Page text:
Syria Geography and Politics

By | December 14, 2021

Syria. Officially “Syrian Arab Republic”. Country of the Middle East which limits the south with Israel and Jordan, to the west with Lebanon and the Mediterranean, to the north with Turkey and to the east with Iraq. Its capital is Damascus. Most of the population profess Islam, with Sunnism being the majority Muslim group.

Syria was established as a modern state after World War One under French rule, gaining independence in April of 1946, after which several military coups followed until 1971. In that year Hafez al-Assad, a member of the Baath Party, became president. Upon his death in 2000, his son Bashar al-Assad assumed the presidency. Damascus is the capital city of Syria according to itypemba.

From the 15 of March of 2011 the whole country was involved in a wave of protests by part of the population demanding political reform, reforms that were approved by President Bashar Assad A. Despite all this, the protests – with the support of some Arab countries close to the US – continued to generate a wave of violence that caused the death of hundreds of civilians and soldiers.


The name Syria comes from various ancient Greek names, which the Greeks applied interchangeably to the Assyrians. Although several theories exist, the discovery of the Çineköy inscription in 2000 seems to support the theory that the Syrian term is derived from Assyria.


In the country there are three regions, from west to east: in the west there is a coastal plain, separated from the interior by the Yabal Ansariyya, a double mountain range in which various valleys open up; The center of the country is formed by a rugged plateau with several volcanic peaks that is crossed from northeast to southwest by a mountain range in which various formations are distinguished: Yabal Abd al-Aziz, Yabal Visir, Yabal Buwayda, Yabal Saar, Yabal al Sarqi and Yabal Garbi; the eastern region is made up of the Euphrates valley, here is the main river, (of the same name of the valley) that crosses the country, penetrating from the north and take a southeastern direction; its tributary Jabur and the Orontes in the west are also important. In the extreme northeast the border with Turkey is formed by the course of the Tigris. In the western part of the country the climate is Mediterranean, but as you move east it becomes drier and hotter. From south to north, in the western third of the country, the Orontes River flows.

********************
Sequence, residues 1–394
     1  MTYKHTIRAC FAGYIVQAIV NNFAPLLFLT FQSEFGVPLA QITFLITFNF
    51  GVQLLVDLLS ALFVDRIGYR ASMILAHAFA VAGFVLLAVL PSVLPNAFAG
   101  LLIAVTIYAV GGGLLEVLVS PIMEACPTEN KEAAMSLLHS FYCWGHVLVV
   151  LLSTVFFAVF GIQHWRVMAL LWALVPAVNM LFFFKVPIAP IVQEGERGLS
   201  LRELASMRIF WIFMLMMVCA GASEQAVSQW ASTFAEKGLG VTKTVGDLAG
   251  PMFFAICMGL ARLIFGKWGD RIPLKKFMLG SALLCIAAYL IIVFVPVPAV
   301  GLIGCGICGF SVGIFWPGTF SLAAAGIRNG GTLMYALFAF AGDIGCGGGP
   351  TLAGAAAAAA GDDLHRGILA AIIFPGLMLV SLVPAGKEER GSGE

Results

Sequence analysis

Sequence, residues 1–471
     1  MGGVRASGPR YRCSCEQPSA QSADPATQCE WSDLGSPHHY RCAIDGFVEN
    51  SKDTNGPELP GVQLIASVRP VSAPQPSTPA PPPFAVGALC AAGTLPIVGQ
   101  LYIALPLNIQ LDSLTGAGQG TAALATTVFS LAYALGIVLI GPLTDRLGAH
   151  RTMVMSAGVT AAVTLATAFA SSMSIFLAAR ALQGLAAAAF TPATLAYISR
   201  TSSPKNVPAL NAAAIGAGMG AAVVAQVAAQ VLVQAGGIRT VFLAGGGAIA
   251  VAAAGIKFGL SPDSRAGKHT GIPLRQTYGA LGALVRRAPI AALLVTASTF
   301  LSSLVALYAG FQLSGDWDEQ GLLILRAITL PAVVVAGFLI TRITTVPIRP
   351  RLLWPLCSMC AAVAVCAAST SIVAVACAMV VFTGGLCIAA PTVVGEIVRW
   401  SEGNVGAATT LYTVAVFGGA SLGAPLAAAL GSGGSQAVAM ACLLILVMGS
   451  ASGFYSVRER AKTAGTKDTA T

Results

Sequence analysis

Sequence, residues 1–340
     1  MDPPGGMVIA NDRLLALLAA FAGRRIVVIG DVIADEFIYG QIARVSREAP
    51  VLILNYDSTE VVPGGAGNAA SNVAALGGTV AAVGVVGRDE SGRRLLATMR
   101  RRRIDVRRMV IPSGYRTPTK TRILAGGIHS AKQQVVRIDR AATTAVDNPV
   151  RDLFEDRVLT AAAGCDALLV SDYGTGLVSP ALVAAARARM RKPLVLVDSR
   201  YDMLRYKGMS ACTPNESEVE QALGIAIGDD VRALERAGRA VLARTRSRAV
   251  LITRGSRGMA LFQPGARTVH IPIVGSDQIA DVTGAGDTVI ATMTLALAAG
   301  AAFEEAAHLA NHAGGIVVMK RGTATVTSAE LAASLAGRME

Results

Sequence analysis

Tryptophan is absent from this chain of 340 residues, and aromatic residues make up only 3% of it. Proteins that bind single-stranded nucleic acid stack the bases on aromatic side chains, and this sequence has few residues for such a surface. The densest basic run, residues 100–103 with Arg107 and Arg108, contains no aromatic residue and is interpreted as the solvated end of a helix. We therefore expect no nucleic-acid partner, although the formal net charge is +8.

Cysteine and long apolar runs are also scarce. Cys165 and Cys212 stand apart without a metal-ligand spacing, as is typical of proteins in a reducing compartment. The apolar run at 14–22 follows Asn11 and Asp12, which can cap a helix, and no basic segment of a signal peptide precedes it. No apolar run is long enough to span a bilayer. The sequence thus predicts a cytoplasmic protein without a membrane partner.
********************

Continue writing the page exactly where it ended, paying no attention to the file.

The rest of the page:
The population is concentrated in the territories located in the west; the vegetative growth rate is very high. Regarding the economy, the country is developing, although since 1973, and due to political problems that have made it allocate part of its budget to military spending, inflation has slowed this progress.


The biomes present in Syria are, from northwest to southeast, the Mediterranean forest, the prairie and the desert. The Mediterranean forest is represented, according to WWF, by two ecoregions, depending on the altitude: the eastern Mediterranean forest in the lowlands, and the southern Anatolian montane forest in the mountainous areas; while the prairie and the desert correspond respectively to the ecoregions called Middle Eastern steppe and Mesopotamian shrub desert.


The Syrian population is mostly of Arab origin (90.3%), although in the north of the country there are Kurdish, Armenian, Assyrian and Turkish minorities, each with its own language. In addition, thousands of Palestinians are scattered throughout the Syrian territory.

The population is concentrated in three geographical areas: the coastal strip and its nearby landforms, along the course of the Euphrates River and on the northern border with Turkey. 51.8% of Syrians live in urban centers. The growth of the industrial sector and the rural exodus have led to rapid development of cities.

The most populous is the capital Damascus, located on the eastern slopes of the Antillean Mountains. They are followed in importance by Aleppo, in the northwest of the country; Homs and Harna, on the banks of the Orontes river; and Latakia, on the Mediterranean coast.

Although it has moderated, the Syrian population pyramid still shows a young structure: 38.6% of the residents are under 15 years of age. This phenomenon is due to a fertility of 3.32 children per woman, which places the annual growth of the population over 2.4%. If this demographic behavior persists, Syria will double the total number of its residents in less than thirty years.

Political-administrative organization

Syria has 14 provinces, or governorates muhafazat (singular: muhafazah), divided into 60 districts, manatiq (sing. Mintaqah), which in turn are subdivided into sub-districts, or nawahi (sing. Nahia). The Nawahi are made up of villages or cities, which are the smallest administrative units: Damascus (Arabic: دمشق), Rif Dimashq (ریف دمشق), Al Qunaytirah (مُحافظة القنيطرة), Dar’a (مُحافظة Suدرwayعا), As Sweida مُحافظة السويداء), Homs (مُحافظة حمص), Tartus (Arabic: مُحافظة طرطوس), Al Ladhiqiyah or Latakia (مُحافظة اللاذقية), Hamaحفظة الحامامامامام, محافظة اللاذقية), Hamaحفظة محاب Ar Raqqah (مُحافظة الرقة), Dayr az Zawr (مُحافظة دير الزور), Al-Hasakah (مُحافظة الحسكة, in Kurdish: حسكة)

Syria Politics